El Salvador Town Wants to Combat Violence With Tourism

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San Pedro Perulapán, in El Salvador, is one of the most violent towns in one of the world’s most violent countries. The situation in the historic municipality has become so grave that the government has given it priority in its national security plan. But local authorities believe the key to combating the violence lies in promoting tourism.

Sunday, August 26, was a special day for Sergeant Miguel Beltrán Vásquez because it was the start of the Tamal Festival. The sergeant — who heads the town’s metropolitan police (Cuerpo de Agentes Metropolitanos – CAM) — had been managing the event’s security since May.

And it was a considerable responsibility.

*This article was originally published by El Faro. It was translated, edited for clarity and reprinted with permission, but does not necessarily reflect the views of InSight Crime. See Spanish version here.

San Pedro Perulapán, in El Salvador’s central department of Cuscatlán, has suffered the most homicides in the country over the last five years.

With crime rates so high, hosting such a large event might seem overly confident, even reckless.

San Pedro Perulapán’s CAM is made up of six agents, at the time scattered throughout the El Centro neighborhood. They were decked out in impeccable uniforms and shiny boots, as if attending a movie premiere. The sergeant opted for civilian clothes: well-shined shoes, jeans and a dark shirt with the town seal on its breast, bordered by the slogan, “Culture and Peace.”

Beltrán Vásquez was born on July 1, 1963 in the outskirts of San Pedro Perulapán, and he still lives there.

Today, the city’s Avenida Morazán has been closed to traffic to play host to the “tamal eating contest”, a main attraction at the festival.

“One of the new administration’s proposals is to give San Pedro a new face, to stop its being labeled as a violent city and make it known as a tourist town,” said Beltrán Vásquez.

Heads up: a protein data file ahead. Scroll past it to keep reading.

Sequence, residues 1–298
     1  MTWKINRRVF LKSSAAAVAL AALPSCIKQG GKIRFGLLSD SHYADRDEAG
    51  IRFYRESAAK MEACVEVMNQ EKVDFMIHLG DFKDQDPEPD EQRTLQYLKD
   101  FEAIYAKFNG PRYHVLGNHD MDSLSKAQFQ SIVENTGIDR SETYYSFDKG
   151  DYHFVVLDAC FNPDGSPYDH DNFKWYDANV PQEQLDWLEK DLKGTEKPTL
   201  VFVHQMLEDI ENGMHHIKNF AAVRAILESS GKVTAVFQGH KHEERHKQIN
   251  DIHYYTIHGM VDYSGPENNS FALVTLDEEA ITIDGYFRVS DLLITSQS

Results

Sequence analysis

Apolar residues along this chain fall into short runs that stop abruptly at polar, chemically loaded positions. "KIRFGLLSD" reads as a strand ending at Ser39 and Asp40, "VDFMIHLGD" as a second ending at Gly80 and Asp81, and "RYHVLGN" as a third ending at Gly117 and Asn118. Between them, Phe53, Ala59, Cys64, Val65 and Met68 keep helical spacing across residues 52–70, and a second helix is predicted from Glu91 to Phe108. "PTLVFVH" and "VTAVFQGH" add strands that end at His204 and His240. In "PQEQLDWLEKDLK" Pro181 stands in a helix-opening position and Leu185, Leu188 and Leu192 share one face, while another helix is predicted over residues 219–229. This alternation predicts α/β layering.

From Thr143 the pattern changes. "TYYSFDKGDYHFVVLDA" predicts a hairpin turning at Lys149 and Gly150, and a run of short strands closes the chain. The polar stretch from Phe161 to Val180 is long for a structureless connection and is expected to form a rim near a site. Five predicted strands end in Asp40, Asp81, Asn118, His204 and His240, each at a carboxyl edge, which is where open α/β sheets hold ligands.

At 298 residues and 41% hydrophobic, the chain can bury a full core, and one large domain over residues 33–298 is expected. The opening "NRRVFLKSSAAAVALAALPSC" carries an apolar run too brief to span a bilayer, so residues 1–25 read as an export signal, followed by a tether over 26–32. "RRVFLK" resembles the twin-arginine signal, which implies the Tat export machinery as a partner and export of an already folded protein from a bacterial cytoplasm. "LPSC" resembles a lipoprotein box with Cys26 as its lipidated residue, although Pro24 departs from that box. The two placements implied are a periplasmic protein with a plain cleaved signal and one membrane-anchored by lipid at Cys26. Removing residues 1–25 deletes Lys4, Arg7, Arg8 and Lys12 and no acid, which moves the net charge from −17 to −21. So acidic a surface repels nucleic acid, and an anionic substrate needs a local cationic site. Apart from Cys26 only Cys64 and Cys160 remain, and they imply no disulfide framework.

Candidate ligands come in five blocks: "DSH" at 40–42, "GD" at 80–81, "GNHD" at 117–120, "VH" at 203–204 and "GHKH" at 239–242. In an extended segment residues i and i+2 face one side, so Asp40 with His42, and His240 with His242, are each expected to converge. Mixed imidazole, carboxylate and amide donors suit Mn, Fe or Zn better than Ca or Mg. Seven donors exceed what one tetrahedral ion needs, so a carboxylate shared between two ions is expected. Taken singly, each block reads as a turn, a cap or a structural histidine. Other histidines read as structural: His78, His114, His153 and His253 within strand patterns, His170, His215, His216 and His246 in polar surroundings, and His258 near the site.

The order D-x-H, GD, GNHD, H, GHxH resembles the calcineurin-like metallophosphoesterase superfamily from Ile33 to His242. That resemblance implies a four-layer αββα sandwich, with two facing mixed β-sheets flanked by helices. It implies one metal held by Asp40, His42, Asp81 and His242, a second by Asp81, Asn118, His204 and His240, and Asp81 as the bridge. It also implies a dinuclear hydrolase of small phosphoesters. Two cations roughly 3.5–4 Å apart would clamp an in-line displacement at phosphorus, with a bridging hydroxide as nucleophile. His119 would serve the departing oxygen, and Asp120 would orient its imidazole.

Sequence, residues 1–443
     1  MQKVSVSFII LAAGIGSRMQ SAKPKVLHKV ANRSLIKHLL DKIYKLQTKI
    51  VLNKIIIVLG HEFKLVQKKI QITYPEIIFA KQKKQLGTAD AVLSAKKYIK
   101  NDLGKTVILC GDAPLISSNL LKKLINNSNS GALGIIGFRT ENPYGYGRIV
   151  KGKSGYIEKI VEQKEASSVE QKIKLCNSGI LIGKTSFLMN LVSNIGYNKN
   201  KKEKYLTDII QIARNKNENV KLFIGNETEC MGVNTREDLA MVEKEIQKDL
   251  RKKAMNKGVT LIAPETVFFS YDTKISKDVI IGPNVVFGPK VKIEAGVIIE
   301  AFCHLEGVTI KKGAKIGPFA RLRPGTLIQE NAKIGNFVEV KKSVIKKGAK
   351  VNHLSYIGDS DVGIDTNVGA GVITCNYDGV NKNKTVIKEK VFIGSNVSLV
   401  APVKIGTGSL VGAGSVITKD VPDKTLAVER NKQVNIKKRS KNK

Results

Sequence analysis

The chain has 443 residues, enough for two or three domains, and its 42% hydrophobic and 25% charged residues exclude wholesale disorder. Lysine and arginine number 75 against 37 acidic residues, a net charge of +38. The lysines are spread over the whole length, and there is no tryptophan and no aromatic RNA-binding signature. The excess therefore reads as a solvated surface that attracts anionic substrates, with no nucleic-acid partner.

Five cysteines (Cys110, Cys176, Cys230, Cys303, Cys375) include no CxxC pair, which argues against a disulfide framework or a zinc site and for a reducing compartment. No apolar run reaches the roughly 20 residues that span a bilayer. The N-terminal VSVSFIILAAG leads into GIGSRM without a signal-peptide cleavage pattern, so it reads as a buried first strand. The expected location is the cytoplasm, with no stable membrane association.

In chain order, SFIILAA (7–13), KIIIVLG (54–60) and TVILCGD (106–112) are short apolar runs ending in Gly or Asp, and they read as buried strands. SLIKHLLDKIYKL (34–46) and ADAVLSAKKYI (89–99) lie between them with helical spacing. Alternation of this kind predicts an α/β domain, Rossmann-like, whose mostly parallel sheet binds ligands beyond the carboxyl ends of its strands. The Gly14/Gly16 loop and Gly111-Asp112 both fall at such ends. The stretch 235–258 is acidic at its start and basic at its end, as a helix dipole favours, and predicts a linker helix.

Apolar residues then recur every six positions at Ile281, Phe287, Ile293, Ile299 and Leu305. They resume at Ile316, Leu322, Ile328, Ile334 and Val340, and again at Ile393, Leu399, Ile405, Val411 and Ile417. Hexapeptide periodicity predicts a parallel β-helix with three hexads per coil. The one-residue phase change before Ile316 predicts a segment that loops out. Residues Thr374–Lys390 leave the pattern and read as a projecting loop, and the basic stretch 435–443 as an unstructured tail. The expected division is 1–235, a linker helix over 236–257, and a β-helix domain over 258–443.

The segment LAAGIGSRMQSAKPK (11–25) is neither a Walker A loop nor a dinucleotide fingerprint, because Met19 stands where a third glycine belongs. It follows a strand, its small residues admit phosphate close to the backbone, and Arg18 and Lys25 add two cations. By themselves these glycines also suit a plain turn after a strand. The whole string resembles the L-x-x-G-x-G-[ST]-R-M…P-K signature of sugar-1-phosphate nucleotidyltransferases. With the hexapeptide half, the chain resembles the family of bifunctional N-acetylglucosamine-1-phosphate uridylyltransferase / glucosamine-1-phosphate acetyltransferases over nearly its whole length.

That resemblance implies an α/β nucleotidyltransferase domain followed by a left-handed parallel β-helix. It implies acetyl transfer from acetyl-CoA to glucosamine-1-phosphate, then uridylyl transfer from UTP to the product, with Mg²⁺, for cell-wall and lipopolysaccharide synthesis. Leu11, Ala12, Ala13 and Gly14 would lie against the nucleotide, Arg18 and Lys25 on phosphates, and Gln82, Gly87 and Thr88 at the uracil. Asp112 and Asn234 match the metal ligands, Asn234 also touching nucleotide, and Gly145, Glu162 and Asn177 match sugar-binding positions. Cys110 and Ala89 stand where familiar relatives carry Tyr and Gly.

The Most Violent City

San Pedro Perulapán is one of the most violent cities in the most violent country in the hemisphere.

In the decade between 2008 and 2017, El Salvador’s National Civil Police (Policía Nacional Civil – PNC) registered 548 dead bodies in San Pedro Perulapán, whose population in 2018 is estimated at 54,000. In 2017 there were 42 murders. In 2016 there were 97. And 143 people were murdered in 2015. These are just the homicide rates, without counting people who have disappeared.

What happened in 2015 — when the first Tamal Festival was held — was almost apocalyptic. That year, media outlets listed the world’s most violent cities based on research conducted by a Mexican nongovernmental agency, and Caracas, Venezuela, topped the list with a rate of 120 homicides per 100,000 inhabitants. The rate in San Pedro Perulapán was 276. But the report did not include the city because it only counted metropolitan areas of more than 300,000 inhabitants.

A perfect storm in local gang relations began to brew in 2015 throughout San Pedro Perulapán. And the situation ultimately developed into an open war between the Mara Salvatrucha (MS13), both factions of the Barrio 18 gang, the PNC, the Salvadoran military and various family clans.

“Massacre Town” (El pueblo de las masacres) was the headline chosen for a report published in media outlet Prensa Gráfica towards the end of that year.

The storm has calmed slightly since its peak in 2015, but the rain continues to fall.

Sergeant Beltrán Vásquez knows it. He experiences it. He has spent almost his entire life armed with some kind of weapon. He was a military sergeant during the civil war, a sergeant in the now-defunct National Police, a security guard at a bank in the 1990s, and a member of the PNC’s personal security unit (División de Protección a Personalidades Importantes – PPI). Before the gangs and the authorities agreed to a truce, Beltrán Vásquez escaped an attempt on his life. Gang members opened fire on him near his home, but he was not harmed.